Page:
If you have never heard of NZXT, you don’t know what great cases you are missing! We are taking a look at their Lexa case, which combines “Perfect Symmetry” with class and functionality. Let’s check it out and see if we have a winner on our hands.
Another wicked feature is the blowhole on the top of the case. Beneath it is an 80mm fan that will suck in cool air. This is great for keeping your system as cool as possible. However, we ran into a problem with the placement. With a large PSU installed, you will have no choice but to uninstall that fan. My current PSU is an Antec Phantom 500W, and it’s just long enough to make removal of the fan a must. This could not really be helped though, because moving it towards the front of the case would definitely reduce it’s effectiveness. Luckily though, we have a massive fan on the door to help out also.
The fan attached to the door is a 120mm blue LED, that’s also used to exhaust hot air. In addition, there is a filter covering it that will act as a dust catcher and a safety feature so nothing will get caught in the fan from the outside. Towards the back of the case is another large 120mm fan, identical to the one in the door. Without a doubt, the ventilation on this case was well thought out and the placement of the fans is great.
On the back of the case is the other half of the arch, which allows the back of the case to be fully exposed. There are handles here that you can use when carrying the case around. They look flimsy, but they felt sturdy. You can also see that there is already a PSU included, which is an NZXT branded 500W. I like to stick with my own PSU, so I removed it and replaced it with the Antec Phantom.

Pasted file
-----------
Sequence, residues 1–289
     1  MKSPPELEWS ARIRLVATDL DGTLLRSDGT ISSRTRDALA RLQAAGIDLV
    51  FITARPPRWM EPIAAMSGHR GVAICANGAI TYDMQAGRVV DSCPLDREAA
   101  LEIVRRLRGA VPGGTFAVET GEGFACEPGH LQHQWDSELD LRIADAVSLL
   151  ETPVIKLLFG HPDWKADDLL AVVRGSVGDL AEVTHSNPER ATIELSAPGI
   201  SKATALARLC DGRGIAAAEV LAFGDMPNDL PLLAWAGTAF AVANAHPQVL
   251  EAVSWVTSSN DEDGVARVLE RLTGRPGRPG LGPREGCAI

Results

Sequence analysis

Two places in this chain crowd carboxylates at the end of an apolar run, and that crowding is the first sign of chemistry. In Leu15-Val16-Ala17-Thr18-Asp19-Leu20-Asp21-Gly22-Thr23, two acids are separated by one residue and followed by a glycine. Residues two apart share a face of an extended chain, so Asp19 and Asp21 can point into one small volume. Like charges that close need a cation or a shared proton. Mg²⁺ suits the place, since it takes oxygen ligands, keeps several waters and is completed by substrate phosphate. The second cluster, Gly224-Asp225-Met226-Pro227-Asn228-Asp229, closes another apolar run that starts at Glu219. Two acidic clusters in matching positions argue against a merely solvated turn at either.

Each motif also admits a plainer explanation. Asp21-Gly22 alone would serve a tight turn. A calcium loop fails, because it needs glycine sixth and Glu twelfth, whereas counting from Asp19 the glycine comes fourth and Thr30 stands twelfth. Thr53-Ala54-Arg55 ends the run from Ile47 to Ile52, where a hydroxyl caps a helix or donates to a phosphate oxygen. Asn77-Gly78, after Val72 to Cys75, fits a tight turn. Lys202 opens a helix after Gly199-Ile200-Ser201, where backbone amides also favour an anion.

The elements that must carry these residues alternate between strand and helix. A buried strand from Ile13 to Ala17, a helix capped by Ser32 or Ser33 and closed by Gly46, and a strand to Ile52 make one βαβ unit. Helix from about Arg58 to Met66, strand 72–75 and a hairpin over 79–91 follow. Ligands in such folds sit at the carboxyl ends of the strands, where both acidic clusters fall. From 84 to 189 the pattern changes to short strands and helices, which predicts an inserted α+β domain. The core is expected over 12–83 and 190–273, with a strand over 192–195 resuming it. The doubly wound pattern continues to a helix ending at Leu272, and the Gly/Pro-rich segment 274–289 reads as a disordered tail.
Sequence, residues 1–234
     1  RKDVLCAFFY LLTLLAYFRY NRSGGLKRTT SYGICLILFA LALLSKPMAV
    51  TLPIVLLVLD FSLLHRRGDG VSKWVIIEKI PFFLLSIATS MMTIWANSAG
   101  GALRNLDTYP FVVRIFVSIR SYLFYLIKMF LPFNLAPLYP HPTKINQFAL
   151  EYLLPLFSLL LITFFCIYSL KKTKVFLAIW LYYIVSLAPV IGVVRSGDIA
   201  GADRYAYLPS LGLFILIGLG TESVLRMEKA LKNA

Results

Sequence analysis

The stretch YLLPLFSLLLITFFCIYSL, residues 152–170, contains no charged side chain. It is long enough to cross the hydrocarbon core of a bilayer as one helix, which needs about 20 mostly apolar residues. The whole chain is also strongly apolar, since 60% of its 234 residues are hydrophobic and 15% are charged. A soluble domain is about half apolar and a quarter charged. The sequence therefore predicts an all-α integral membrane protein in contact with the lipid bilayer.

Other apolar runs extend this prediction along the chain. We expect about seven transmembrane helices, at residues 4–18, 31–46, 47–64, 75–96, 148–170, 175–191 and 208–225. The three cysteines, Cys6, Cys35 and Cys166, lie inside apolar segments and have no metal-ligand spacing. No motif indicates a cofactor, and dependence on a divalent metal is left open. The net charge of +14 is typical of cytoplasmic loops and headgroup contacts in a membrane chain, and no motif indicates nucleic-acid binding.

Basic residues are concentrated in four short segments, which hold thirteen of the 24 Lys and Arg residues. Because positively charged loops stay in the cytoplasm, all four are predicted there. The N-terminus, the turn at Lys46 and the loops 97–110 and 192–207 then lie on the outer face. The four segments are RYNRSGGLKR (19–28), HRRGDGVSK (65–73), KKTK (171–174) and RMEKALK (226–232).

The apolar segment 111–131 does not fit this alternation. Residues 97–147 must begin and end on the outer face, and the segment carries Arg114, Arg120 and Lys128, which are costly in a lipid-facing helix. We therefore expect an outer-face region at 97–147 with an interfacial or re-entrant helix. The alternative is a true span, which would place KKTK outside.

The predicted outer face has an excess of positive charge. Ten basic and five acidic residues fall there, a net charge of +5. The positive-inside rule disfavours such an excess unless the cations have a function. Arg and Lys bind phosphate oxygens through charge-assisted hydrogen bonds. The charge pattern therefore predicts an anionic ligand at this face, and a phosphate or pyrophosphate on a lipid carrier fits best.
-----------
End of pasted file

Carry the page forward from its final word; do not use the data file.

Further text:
Before we take a look inside, I have to mention that something I absolutely love about this case. Because of the two ends of the arch, your case is lifted off the ground by a few inches. This is great, because it will allow cool air to enter. This is definitely a well thought out case.
Looking at the available wires, there’s everything we’d possibly need here. In addition to the normal motherboard wires, there are additional connectors for setting up the case USB, Firewire and etcetera. There’s even some temperature diodes which you can use for your CPU, HDD and system. Sadly, I forgot completely about these, so due to time constraints I was unable to hook them up. Tony from Pro-Clockers was kind enough to lend us an image from his Lexa review, which you can see below. I knew that arc had to be raised for a reason!
In the picture of the wires, you can also see the filter at the bottom of the case. You may be able to remove the tabs and mounted a fan there, but chances are it’s fine the way it is.
Towards the back we can see the dual ended molex connector for the 120mm fan, which is long enough so that you should have no issues hooking it up. The same goes for the fan on the door. I was able to connect both fans to each other and then into the PSU line.
All the miscellaneous cables are wired behind the drive cages so that you can keep them out of the way, but most are so long that they will get in the way anyway.